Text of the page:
Due to a conflict with that French class I mentioned earlier, I was unable to participate in the Thursday and Friday prelims of the meet. And due to the fact that my normal three-day taper had turned into nearly three weeks leading into the meet, a smaller event program seemed the only hope I would have for surviving my shortened meet. Finally, with the history of my lackluster swims on over-taper, I figured there was no hope of swimming well.
My one and only goal prior to the meet was to have fun. As long as I accomplished that, I was willing to call it a successful meet.
Friday finals came around, and I swam a leg on the 4×100 freestyle relay. The swim felt strong and smooth at the time, and I was astounded to have gone 53.7 (1.5 seconds faster than my 100 free best time from Iowa City). I texted a few coaches, telling them something to the extent of, "53.7 100 free on a relay. Might have two more shots at Trials."
You see, I had mentally considered my season to be over before we left Iowa City. I even called coach Paul Graham and began discussing long course meet opportunities that would fall during the upcoming NCAA season.
I slept on that relay split, and woke up the next morning tired and not looking forward to a long day at the pool. Judging from the timeline, I could see that there was a three-hour discrepancy between the 9 a.m. prelim start and the 12:18 start of the men's 100 breast. I groaned, and figured that going out for a good breakfast would be the best way to pass the time.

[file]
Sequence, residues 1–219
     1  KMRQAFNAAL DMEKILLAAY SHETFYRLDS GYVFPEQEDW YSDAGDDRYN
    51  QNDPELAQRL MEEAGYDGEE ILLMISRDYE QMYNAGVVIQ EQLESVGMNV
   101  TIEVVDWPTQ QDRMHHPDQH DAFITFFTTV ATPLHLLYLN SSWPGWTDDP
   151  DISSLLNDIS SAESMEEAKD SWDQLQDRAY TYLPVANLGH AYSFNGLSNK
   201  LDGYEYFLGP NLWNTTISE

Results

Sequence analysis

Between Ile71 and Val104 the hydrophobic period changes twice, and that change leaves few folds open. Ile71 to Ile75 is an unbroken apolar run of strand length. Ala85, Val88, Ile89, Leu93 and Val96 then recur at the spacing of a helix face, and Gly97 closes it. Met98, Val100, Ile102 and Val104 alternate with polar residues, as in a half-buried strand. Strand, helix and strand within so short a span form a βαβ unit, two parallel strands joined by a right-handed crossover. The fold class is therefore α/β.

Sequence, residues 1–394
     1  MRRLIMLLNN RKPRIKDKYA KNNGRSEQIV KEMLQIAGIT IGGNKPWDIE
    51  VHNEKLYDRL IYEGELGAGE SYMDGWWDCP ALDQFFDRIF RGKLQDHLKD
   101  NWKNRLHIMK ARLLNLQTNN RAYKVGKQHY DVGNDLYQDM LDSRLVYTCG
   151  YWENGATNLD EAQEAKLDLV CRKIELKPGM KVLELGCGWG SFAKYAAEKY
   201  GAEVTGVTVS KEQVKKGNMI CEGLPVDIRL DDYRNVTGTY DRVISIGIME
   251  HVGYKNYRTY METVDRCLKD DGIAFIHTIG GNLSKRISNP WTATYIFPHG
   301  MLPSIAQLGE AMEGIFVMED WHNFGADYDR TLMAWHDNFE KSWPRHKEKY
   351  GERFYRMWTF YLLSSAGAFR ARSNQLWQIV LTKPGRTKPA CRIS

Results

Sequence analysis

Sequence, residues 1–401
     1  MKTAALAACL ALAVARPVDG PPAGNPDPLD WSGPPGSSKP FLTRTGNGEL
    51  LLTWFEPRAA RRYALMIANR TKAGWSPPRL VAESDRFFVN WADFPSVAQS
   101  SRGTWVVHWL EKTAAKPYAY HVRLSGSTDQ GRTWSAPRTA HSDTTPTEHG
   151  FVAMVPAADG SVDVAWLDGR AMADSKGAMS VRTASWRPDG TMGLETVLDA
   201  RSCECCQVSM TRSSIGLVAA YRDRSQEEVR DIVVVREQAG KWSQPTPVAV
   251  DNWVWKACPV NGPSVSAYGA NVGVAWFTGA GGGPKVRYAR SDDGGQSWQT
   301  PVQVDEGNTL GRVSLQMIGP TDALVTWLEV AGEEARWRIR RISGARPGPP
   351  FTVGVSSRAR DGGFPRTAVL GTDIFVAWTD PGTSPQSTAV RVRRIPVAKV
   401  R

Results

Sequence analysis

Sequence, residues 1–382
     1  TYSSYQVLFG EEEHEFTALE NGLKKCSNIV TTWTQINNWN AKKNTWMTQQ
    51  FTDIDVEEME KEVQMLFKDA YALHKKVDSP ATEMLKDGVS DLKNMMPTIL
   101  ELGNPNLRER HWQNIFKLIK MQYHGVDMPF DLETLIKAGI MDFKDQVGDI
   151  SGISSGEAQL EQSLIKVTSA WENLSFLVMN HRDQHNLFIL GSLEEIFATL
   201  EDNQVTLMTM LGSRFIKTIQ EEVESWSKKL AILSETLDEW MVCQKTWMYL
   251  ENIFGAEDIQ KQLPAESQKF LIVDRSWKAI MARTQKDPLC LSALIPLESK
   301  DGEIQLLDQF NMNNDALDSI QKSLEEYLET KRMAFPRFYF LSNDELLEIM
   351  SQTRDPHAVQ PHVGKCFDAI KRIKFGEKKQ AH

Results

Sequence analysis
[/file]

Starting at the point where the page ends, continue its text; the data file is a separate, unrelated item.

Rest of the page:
Teammate Brent Schreibel and myself went to a local diner (the stereotypical breakfast location, run by a Greek family with a seven-page breakfast menu) to buy some time and some food. I gorged on Polish sausage, toast, hash browns and scrambled eggs. Needless to say, we didn't take as long as we'd hoped to eat: it was only 9:45 after paying the check. Of course, there was a Dollar Tree in the adjacent strip mall – and that's where we went.
We walked out of the store with $3 worth of temporary tattoos (packs of tribal, glow-in-the-dark and princess tattoos) and a concept of how ridiculous we might look after using them all up. We got back to the pool and went to the locker rooms to cut them out and put them on. An hour later, we weren't yet finished and we realized that there was only half an hour until we swam (both of us were in the 100 breast), and neither of us had our suits on yet.
I was nervous for the race only for the reason that I was so short on time. Plus it was hot at the Walter Schroeder Aquatic Center, which meant I was sweating, which also meant that putting on my size 26 was even more difficult than usual.
Somehow, I managed to make everything work and get behind the blocks before my race. I could see that there were the usual slow times in the morning heats, and I wasn't really worried about making it back for a second swim (I'm not that cocky, but I was the second seed, the defending state champion, and I can't remember the last time that I wasn't top-8 at this meet). I just wanted to make the morning swim as comfortable as possible. And even though I was rushed, even though I didn't care about my time that much, I had to remember to have fun. So I let out a loud craw toward the team bench (an inside joke, but something that must have commanded some awkward looks from the crowd and swimmers).